From Lois Lowry's The Giver, make a list of words the author use to describe the setting. Do these words help you to visualize it? Explain.

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tinicraw eNotes educator| Certified Educator

Lois Lowry's The Giver presents a story set in a futuristic community that is not unlike today's world, except for the fact that the people do not use as much technology or cars. There is no section of the book that explicitly describes the setting. One must infer and visualize the setting based on what people say, where Jonas goes each day, and what he learns about from the memories he receives. A list of words that can be identified with the setting are also those that describe what Jonas and his community do not have. For example, Jonas learns about snow and hills from the first memory he receives about sledding down a snowy hill. Therefore, if a list included the words "snow" or "hill," they would not describe the setting in which Jonas lives. Separating the list into two sections might best clarify what does and doesn't exist as part of the setting.

What does exist in the community: dwellings, school, House of the Old, Climate Control, annex, recreation area, bicycles, Childcare Center, Nurturing Center, Central Plaza, Auditorium, Food Deliveries, Rehabilitation Center, classroom, Hall of Open Records.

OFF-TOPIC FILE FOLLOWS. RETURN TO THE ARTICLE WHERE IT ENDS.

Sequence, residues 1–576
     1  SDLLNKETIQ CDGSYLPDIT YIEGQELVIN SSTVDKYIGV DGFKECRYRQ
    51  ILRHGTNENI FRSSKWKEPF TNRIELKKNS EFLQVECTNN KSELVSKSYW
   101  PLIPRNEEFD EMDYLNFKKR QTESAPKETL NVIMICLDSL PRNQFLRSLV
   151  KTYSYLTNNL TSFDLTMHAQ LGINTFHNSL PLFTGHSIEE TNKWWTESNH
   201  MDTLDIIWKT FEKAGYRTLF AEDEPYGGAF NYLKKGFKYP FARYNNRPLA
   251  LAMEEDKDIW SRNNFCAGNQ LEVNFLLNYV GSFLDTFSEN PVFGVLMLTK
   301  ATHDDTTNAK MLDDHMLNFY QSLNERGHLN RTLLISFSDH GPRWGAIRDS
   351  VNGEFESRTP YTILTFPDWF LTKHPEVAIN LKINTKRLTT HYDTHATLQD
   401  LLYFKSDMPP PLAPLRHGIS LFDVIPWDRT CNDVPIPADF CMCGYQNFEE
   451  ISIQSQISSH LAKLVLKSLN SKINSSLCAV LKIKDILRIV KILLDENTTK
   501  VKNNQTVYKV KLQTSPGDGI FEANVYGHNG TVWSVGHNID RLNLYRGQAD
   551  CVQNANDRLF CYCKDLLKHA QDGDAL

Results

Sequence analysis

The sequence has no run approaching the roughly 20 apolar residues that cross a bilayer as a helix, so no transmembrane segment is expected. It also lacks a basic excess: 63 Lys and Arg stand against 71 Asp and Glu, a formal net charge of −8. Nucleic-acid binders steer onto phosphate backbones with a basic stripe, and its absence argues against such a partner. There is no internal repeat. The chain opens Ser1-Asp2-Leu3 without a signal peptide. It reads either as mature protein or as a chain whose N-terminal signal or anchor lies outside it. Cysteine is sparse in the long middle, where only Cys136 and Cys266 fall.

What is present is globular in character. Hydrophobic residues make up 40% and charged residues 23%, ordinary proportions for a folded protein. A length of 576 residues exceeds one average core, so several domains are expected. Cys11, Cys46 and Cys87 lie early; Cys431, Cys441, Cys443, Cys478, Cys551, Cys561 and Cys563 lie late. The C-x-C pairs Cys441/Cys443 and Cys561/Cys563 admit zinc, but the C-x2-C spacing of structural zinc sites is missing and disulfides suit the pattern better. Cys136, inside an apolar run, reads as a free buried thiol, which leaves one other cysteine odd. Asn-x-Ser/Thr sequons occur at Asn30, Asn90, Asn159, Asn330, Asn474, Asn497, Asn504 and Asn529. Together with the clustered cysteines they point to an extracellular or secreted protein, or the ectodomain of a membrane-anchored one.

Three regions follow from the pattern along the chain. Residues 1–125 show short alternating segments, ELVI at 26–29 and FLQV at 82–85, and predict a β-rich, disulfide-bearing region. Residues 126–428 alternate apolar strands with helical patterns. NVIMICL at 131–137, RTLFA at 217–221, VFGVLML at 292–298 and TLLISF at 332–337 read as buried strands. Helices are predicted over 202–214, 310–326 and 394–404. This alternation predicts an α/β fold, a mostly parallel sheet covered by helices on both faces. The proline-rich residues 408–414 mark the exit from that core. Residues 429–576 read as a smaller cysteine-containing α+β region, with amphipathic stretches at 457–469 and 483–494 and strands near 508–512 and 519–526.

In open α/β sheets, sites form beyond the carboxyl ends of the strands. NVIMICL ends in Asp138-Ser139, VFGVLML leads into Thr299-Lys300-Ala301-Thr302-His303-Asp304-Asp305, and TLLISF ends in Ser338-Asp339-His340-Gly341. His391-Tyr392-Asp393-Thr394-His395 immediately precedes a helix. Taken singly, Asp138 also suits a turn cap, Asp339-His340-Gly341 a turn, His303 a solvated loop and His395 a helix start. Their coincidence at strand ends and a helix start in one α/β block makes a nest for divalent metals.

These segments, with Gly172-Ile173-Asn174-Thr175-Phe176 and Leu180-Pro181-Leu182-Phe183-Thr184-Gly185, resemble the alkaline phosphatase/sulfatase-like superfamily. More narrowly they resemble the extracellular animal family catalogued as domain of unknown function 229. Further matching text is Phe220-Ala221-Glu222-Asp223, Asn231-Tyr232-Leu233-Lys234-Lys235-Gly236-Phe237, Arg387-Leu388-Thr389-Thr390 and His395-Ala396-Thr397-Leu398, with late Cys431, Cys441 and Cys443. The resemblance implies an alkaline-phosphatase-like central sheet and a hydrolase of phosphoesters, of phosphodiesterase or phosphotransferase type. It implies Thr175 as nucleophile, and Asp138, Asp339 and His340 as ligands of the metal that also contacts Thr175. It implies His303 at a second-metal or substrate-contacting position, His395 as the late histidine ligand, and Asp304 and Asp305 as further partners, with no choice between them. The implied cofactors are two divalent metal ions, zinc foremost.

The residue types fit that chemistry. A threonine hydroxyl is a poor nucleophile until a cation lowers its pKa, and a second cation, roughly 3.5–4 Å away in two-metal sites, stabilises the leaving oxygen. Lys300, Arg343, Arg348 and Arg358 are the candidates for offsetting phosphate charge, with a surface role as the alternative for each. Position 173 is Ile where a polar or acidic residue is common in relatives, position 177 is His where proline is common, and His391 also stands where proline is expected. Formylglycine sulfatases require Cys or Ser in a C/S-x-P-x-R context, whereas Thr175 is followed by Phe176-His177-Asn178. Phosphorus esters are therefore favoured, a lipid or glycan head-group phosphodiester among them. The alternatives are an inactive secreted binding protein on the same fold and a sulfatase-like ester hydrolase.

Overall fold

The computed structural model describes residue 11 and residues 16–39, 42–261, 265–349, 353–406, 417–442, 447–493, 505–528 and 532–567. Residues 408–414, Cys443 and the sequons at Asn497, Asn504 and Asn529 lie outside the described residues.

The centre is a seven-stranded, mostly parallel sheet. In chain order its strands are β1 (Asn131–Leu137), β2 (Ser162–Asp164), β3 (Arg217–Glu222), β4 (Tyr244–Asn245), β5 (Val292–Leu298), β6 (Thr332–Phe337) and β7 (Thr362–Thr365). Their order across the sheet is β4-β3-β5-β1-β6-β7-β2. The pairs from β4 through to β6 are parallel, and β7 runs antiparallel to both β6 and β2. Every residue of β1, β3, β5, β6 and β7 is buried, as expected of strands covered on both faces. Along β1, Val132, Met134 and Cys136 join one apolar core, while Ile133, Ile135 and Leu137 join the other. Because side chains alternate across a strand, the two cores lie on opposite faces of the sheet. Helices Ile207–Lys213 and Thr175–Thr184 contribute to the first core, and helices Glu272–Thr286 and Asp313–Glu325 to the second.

Most of these words describe buildings that seem to be located in close proximity to each other because bicycles are the only mode of transportation needed. 

What does not exist in the community: snow, weather, sun, hills, Elsewhere, ice, "a brisk sail on a blue-green lake; a meadow dotted with yellow wildflowers; an orange sunset behind mountains" (110).

Only Jonas and the Giver know about what is not in the community. Everyone else is ignorant to what beauty the world has to offer them. In chapter 13, Jonas recognizes how bland and flat his world is in the following passage:

"He stood at the foot of the bridge that spanned the river, the bridge that citizens were allowed to cross only on official business. Jonas had crossed it on school trips, visiting the outlying communities, and he knew that the land beyond the bridge was much the same, flat and well ordered, with fields for agriculture. The other communities he had seen on visits were essentially the same as his own" (106).

The words and descriptions of the setting for The Giver are spread throughout the story. The reader discovers a little bit more about it from each chapter. With each memory that Jonas receives, there are more examples of what is absent in the community as well. 

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The Giver

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